Oct. 6, 2011
BOSTON — Many employment counselors in the state are emphasizing new training and education geared towards health and biotechnology. The industry has helped push Massachusetts ahead of 44 other states in terms of employment. But in recent days, economists are warning that even the high-tech and biotech engines are starting to slow down.
Gov. Deval Patrick says his administration is far from declaring victory in the war on joblessness. · "We know there’s still a lot of work to do for a lot of people who have been out of work for a long time or who have not been able to break into the workforce in the first place," Patrick said.
"That is particularly true for older people who’ve lost their jobs because there’s a tendency for them to leave the labor force and for very young people who’ve looked for a job for a while and they can’t find it, they tend to stop looking," Patrick said.
Economist Andrew Sum, of Northeastern University, says that is why true long-term unemployment in Massachusetts, and throughout the country, for that matter, is far greater than what the official unemployment rate tells us: How high might it actually be?
"Oh, at least 16 percent and maybe as high as 24," Sum said. "You’ll get areas of the state like Fall River where it’s almost 20 percent. You’ve got parts of the southeast, very bad. Parts of Springfield and Hamden, very tough. Lawrence is also above average," Sum said.
But, he adds, that's not the case in the whole state. "No surprise if you go to the Boston affluent suburbs there will be less because they contain a much larger share of college educated people who have lower unemployment rates," Sum said.
Gov. Patrick and others in this heavily democratic state argue that the only realistic way to push the unemployment rate down substantially is the jobs bill, recently offered by the President and in which many proposals have been endorsed, supported or even proposed in the past, by Republicans.
"The President’s plan through funding infrastructure projects is a classic tried and true solution and I hope that the Congress will step up and support it," Patrick said.
Andrew Sum of Northeastern University agrees and says the most desperate need for job creation is in Latino and Black communities. "Among black and unemployed workers, they are more than twice as likely to be underemployed as whites and their unemployment rate is pretty high. The underutilization rate, as I said is 16. For blacks and Hispanics, its 22," Sum said.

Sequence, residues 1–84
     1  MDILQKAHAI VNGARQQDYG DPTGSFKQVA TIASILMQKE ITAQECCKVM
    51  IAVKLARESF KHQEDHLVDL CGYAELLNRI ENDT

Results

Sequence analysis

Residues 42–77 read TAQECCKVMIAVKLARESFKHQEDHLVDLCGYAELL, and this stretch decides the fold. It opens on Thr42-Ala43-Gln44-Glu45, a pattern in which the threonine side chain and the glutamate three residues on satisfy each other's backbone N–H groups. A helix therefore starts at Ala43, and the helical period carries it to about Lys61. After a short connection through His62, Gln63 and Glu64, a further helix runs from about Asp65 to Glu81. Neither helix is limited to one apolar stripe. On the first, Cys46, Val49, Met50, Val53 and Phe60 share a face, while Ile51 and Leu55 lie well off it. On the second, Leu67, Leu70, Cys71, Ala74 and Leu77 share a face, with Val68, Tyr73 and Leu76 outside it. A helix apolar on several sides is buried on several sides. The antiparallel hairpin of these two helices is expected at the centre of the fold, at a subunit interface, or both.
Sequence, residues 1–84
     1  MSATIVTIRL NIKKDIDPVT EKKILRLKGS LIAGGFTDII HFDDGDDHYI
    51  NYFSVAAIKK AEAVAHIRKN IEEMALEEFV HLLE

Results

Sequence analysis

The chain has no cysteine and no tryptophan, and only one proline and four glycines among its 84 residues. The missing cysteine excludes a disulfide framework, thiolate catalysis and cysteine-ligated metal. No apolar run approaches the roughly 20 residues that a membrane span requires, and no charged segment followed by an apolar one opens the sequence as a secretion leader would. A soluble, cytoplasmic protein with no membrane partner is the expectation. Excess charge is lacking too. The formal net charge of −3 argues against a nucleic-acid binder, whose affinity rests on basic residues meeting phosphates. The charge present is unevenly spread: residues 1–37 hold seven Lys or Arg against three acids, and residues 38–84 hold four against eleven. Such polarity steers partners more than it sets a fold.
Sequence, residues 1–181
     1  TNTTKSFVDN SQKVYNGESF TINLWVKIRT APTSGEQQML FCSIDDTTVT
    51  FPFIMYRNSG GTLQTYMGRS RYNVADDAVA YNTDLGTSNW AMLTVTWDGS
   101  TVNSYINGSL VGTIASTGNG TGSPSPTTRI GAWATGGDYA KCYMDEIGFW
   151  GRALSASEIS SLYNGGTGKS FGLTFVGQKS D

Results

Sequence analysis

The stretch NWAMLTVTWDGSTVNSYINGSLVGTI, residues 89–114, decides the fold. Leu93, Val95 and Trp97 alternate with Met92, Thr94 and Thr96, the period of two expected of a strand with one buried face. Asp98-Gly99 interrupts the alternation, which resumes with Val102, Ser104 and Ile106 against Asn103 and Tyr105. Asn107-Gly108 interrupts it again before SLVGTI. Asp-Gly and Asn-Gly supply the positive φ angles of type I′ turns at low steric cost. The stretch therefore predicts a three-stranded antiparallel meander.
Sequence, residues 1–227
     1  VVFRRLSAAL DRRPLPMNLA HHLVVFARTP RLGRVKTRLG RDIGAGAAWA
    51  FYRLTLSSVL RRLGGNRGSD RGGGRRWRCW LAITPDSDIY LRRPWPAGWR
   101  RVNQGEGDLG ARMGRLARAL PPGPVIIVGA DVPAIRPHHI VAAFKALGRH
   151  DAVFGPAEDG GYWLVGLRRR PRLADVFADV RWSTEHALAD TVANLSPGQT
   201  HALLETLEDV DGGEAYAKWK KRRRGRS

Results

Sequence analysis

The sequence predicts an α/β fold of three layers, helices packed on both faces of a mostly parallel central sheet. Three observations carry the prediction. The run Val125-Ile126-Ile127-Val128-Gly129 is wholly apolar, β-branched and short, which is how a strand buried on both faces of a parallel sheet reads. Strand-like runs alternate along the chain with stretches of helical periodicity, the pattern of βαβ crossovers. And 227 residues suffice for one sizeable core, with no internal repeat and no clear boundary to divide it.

Jeremy Irving is one of those statistics.
In a meeting room at the Morningstar Baptist Church in Mattapan, Irving flashes an optimistic smile. He pushes his dreadlocks to the side as he speaks and says he is hopeful that his computer science degree will land him one of the 8,600 jobs that are projected to be added to the Massachusetts high tech economy over the next two decades.
"I got everything, from building networking software to hardware, anything you need that you’re working on, so that’s pretty much my background and for someone with my background I’d like to receive a job, though I know that things are still kind of bad," Irving said. "So I’m just waiting on that turn. Maybe next year things will look better. Maybe springtime will actually bring some flowers to the future for people that are looking for jobs."
A consensus of economists argue that springtime will only bring flowers if the U.S. Congress can agree to plant some seeds. But the partisan politics of Washington makes passage of any large scale stimulus package unlikely. And that could extend a long season of joblessness for many here in Massachusetts.
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